The exhibit tells the story of the Sparrows Point Steel Mill, at its peak the largest producer of steel in the world. The mill, owned and operated by Bethlehem Steel, provided steel for World War II ships and parts of the Empire State Building, and employed over 30,000 workers.

The work was steady and essential, especially during the industrial boom, but it was also grueling and dangerous. Poisonous gases, explosions, suffocating heat, and heavy machinery all contributed to the harsh work environment that was Sparrows Point Steel Mill.

Signage on the exhibit drives the point home: “If you want an example of what hell would look like, go to the blast furnace.”

The exhibit also demonstrates howthe demanding conditions of the work functioned as a catalyst for workers to put aside differences. While racism and sexism were prevalent, the exhibit states, those who indulged such biases would find themselves incompatible with the workflow, which could have deadly consequences.

The exhibit includes photographs, first-person testimonials, and original artifacts. A worker’s bicycle is featured between the steel mill display and the section on Sparrows Point Shipyard, as the two places were adjacent in real life.

Set in front of the exhibit is a replica of a 30,000-pound steel coil, unspooling along the length of the display wall. The sheet of steel functions as a timeline of the mill’s life, from 1916 when it was purchased by Bethlehem Steel to its closing in 2012.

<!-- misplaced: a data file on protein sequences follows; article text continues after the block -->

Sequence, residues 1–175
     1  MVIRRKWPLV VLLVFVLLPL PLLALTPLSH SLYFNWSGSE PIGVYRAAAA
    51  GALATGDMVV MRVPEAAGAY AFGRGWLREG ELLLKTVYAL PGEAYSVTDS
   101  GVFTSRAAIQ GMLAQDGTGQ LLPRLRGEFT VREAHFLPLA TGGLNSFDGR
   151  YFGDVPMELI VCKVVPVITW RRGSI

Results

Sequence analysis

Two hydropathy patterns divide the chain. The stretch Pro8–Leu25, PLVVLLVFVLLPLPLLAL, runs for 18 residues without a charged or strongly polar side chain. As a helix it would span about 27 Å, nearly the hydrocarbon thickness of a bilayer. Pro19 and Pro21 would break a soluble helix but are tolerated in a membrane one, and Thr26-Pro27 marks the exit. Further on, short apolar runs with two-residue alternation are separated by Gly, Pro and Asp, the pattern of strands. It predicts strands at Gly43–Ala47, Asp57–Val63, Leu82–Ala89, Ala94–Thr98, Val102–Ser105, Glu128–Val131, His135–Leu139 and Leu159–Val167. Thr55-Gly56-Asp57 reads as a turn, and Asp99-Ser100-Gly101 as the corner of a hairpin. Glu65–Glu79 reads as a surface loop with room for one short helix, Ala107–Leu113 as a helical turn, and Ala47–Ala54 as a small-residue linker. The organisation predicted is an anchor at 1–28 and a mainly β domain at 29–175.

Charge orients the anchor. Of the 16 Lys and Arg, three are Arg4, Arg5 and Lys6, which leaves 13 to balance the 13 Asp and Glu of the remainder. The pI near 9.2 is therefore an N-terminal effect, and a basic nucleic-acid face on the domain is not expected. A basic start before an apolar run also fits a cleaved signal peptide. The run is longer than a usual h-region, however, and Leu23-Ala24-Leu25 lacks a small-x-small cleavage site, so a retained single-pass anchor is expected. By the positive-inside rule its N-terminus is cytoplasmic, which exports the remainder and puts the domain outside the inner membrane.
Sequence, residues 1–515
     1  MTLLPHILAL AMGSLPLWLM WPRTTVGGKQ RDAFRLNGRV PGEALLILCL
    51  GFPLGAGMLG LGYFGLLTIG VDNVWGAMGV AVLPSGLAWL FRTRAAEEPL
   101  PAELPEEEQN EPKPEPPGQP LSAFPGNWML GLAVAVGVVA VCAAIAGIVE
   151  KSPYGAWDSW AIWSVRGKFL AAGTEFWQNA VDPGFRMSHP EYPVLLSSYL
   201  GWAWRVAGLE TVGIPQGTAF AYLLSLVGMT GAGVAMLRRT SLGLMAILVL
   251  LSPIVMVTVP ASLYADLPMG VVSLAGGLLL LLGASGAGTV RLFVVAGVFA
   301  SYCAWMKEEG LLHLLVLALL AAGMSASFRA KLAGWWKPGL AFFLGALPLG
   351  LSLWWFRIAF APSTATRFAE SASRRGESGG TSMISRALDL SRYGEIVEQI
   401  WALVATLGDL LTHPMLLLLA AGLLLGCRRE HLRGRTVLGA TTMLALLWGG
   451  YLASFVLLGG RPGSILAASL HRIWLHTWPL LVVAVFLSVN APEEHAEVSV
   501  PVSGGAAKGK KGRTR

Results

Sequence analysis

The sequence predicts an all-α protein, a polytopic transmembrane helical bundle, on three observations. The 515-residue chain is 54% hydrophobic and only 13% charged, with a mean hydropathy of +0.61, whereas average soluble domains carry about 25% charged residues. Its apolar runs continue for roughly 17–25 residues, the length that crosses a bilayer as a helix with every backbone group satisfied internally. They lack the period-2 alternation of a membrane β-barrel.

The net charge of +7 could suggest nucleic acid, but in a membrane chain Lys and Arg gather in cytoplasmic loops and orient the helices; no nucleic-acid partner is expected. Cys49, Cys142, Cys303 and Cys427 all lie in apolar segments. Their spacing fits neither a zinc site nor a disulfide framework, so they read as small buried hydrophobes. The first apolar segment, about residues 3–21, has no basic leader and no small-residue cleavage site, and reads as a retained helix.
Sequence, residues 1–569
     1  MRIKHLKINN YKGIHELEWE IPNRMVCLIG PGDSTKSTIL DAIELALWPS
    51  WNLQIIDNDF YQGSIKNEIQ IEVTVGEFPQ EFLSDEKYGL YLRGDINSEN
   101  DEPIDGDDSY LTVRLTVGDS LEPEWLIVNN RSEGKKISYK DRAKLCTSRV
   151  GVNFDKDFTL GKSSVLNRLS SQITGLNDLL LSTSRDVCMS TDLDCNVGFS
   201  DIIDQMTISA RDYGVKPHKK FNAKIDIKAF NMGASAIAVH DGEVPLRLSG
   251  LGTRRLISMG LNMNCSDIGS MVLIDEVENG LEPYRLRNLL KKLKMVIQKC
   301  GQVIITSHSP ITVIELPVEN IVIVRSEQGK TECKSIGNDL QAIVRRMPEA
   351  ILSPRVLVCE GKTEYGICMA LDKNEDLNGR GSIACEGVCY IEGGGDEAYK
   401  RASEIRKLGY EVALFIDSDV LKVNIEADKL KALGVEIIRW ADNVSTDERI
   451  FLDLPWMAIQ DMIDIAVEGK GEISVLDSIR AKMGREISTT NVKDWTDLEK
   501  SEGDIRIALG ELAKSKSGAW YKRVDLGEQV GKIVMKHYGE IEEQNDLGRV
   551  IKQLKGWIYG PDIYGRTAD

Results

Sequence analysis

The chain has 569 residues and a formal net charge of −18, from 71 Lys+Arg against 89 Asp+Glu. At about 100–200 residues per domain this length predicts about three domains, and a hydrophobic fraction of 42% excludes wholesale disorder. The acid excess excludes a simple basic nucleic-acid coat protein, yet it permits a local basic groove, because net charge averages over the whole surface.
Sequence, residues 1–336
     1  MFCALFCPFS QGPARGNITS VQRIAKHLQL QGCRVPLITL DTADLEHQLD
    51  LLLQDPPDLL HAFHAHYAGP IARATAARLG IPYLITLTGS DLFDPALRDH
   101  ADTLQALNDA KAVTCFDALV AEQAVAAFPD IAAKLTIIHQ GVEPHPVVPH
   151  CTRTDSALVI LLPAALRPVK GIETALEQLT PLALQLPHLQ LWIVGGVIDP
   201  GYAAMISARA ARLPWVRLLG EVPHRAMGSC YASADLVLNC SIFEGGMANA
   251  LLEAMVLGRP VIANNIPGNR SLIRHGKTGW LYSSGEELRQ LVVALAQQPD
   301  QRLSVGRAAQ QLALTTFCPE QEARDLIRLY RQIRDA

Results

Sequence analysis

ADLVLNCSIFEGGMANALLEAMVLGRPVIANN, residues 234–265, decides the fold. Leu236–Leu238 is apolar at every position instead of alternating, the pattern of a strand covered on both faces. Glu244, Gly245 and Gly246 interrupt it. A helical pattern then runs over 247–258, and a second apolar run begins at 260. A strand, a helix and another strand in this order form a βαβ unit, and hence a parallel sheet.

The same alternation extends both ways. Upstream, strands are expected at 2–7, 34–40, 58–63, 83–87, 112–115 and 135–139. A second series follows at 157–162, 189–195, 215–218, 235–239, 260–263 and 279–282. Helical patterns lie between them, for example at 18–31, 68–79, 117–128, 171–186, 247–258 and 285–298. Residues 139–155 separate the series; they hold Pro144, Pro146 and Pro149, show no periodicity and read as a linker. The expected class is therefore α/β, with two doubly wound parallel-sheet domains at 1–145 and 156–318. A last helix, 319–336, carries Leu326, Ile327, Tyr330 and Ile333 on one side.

The wall behind the coil showcases photos and narratives of the lives impacted by the mill: the hardships the workers faced, the community they built, and the relationship between the mill and the rest of the city. We learn about the company town that formed around the mill, the progress of unionization, and the workers’ battle to reduce the stigma that steel workers were expendable.

The exhibit concludes with a large image of the top of a vat of molten steel, painted on the floor for visitors to peer into. “Fire and Shadow” is a permanent addition to the museum, so there’s plenty of time to visit.


Visitors to the Maryland Science Center’s exhibit on the human body play with an oversized version of the “Operation” game. Photo by John Thomas.

You: The Inside Story

Maryland Science Center, 601 Light Street

The Center continues its tradition of teaching and explaining science in a fun and interactive way in its newest permanent exhibit, “You: The Inside Story,” which opened on November 19. Known for its immersive educational experiences, the Center delivers scientific facts in a compelling way that sticks with you.

The exhibit, the first sponsored by Johns Hopkins Medicine, has been in development for four years as a major component of the Center’s efforts to refresh its exhibits, which also includes new displays that reflect our scientific understanding of the “new normal” brought about by Covid.

The 12,000-square-foot exhibit on the second floor is packed with dozens of hands-on activities that encourage you to discover for yourself your physical capabilities and limitations. A wall of buttons lights up one by one so that visitors can test their reaction time. A bed of nails invites anyone to lay on it to showcase how, due to weight distribution, the body won’t be punctured.

Some of the best activities involve more than one person and encourage a little competition. The “distortion goggles” activity has participants don eyewear that purposely skew your field of vision. With their vision impaired, participants try to toss beanbags into one of the holes in a wall in front of them.

Other displays explain the importance of nose hair, demonstrate the wonders of eyesight and visual perception, and test specific physical characteristics such as grip strength and even calmness. If you’re interested in learning more about your own biology, this exhibit is worth the trip.